A Smack on the Chin or a Nibble? Content Analysis of the Impact of the Oakwood Trilogy

Source: Tyler Gibb, Michigan State University Journal of Medicine and Law, November 5, 2009

From the abstract:
On September 29, 2006 the National Labor Relations Board (NLRB) issued a trio of important decisions. These decisions, called the Oakwood Trilogy, represented the latest attempt by the NLRB to clearly define what it means to be a supervisor under the National Labor Relations Act (NLRA). Supervisors are outside the protection of the NLRA and are unable to unionize or participate in collective bargaining units. The Oakwood trilogy was widely criticized by labor and management advocates. Some critics foresaw dire consequences resulting from these decisions. However, management advocates praised the trilogy. One author declared that it had saved the NLRA.

More than three years after the Oakwood trilogy was published, there is still uncertainty regarding what its impact has actually been. This article uses content analysis, a novel methodology in legal scholarship, to show how the trilogy is actually being applied. This analysis yields a clear picture of the quantifiable impact of the trilogy.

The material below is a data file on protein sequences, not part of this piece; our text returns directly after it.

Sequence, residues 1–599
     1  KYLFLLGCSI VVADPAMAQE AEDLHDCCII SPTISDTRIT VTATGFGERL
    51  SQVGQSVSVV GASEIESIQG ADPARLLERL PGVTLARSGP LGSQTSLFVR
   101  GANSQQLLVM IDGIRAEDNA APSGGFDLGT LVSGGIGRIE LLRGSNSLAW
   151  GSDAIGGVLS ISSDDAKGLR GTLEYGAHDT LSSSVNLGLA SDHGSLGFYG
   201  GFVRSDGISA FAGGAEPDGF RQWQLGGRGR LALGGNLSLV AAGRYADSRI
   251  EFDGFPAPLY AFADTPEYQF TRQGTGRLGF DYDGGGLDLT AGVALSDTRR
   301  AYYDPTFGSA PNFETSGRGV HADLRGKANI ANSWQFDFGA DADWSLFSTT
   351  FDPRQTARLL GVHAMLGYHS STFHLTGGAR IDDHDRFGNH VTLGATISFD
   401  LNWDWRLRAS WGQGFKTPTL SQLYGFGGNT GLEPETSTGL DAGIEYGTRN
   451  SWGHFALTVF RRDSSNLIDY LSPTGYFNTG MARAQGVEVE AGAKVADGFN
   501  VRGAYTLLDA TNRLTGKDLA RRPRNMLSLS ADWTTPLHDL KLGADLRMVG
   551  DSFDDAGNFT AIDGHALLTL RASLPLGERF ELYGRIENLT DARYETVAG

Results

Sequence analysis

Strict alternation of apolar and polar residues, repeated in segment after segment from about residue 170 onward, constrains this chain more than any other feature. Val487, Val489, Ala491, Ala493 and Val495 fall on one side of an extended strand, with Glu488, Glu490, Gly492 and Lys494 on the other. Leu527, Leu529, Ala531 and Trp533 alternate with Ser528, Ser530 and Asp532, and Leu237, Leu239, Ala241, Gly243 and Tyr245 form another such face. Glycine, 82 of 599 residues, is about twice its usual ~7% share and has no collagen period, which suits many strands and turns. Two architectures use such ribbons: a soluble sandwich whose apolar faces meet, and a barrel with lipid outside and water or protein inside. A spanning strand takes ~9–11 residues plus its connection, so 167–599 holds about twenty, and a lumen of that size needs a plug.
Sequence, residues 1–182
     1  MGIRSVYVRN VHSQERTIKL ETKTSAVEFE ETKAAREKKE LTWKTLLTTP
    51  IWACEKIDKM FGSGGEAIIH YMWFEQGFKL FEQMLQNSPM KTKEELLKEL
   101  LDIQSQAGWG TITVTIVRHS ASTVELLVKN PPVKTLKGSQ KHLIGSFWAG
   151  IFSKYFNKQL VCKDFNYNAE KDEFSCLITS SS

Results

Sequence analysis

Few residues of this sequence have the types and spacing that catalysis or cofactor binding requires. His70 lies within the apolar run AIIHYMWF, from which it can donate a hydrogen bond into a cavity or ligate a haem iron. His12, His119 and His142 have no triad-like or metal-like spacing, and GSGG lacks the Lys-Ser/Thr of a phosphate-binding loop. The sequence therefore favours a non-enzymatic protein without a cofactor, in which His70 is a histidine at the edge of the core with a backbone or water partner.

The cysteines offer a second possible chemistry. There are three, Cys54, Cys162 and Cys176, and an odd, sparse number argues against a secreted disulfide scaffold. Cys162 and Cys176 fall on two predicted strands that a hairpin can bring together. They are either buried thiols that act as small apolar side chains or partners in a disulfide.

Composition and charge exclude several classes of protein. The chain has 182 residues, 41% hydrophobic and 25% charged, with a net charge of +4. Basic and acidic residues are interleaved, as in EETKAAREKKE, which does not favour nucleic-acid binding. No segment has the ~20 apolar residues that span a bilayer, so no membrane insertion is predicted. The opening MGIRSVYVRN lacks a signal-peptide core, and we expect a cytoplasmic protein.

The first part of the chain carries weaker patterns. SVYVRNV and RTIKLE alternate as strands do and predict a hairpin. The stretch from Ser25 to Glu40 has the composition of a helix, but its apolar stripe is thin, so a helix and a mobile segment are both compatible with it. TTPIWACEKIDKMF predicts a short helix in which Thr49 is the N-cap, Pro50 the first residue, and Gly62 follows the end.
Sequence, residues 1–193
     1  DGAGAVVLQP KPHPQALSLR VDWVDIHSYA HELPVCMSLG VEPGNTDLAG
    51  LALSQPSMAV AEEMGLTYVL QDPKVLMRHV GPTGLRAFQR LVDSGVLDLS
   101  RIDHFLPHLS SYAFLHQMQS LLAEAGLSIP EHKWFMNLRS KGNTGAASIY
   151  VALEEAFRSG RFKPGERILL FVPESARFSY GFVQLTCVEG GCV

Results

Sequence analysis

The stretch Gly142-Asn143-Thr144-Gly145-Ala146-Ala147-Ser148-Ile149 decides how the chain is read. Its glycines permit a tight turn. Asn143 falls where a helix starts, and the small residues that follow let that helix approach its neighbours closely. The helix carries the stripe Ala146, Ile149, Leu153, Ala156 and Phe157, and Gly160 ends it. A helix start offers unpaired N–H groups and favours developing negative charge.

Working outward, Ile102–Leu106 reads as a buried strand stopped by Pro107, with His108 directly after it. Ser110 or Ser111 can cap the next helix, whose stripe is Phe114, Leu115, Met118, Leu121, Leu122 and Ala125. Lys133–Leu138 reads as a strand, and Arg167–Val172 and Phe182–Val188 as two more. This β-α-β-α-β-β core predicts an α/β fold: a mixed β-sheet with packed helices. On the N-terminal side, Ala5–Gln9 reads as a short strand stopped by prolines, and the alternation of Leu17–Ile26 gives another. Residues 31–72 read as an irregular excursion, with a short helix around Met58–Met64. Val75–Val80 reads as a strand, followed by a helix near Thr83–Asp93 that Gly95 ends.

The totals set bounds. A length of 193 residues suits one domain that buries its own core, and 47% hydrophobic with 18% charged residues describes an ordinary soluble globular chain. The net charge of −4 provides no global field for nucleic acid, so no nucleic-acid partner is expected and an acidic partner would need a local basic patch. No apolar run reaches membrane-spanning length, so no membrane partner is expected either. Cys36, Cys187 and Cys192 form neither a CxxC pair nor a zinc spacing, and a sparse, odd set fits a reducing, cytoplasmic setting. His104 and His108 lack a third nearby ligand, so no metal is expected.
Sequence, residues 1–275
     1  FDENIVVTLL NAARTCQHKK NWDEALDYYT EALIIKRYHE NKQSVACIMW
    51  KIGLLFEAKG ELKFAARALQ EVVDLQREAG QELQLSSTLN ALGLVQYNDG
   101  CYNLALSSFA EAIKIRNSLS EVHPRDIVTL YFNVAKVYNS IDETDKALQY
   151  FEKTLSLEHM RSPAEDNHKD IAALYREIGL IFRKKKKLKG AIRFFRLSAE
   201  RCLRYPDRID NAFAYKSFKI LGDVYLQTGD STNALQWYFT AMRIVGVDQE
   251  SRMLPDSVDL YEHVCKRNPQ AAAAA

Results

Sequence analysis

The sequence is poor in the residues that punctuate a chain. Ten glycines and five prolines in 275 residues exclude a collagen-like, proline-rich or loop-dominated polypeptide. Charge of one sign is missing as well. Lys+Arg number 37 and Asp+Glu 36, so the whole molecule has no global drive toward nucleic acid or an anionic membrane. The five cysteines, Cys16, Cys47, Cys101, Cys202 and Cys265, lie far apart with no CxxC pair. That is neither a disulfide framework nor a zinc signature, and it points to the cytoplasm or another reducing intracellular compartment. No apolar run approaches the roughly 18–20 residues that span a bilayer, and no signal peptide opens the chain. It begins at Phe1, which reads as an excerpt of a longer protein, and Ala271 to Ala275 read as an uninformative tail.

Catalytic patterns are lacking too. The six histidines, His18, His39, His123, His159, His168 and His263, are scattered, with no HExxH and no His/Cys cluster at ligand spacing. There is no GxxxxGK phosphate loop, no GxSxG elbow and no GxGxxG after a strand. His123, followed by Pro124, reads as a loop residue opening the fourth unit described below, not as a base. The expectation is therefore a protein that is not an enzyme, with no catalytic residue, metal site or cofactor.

Oakwood was a dispute regarding the supervisor status of nurses within a hospital. The impact of the trilogy in the healthcare industry is very important. By understanding how the NLRB is applying the Oakwood trilogy in the healthcare setting, employers may be able to use job descriptions and job responsibilities to exclude large numbers of nurses from collective bargaining units. On the other hand, nursing unionization efforts may also use the information to shield their members from exclusion under the trilogy.

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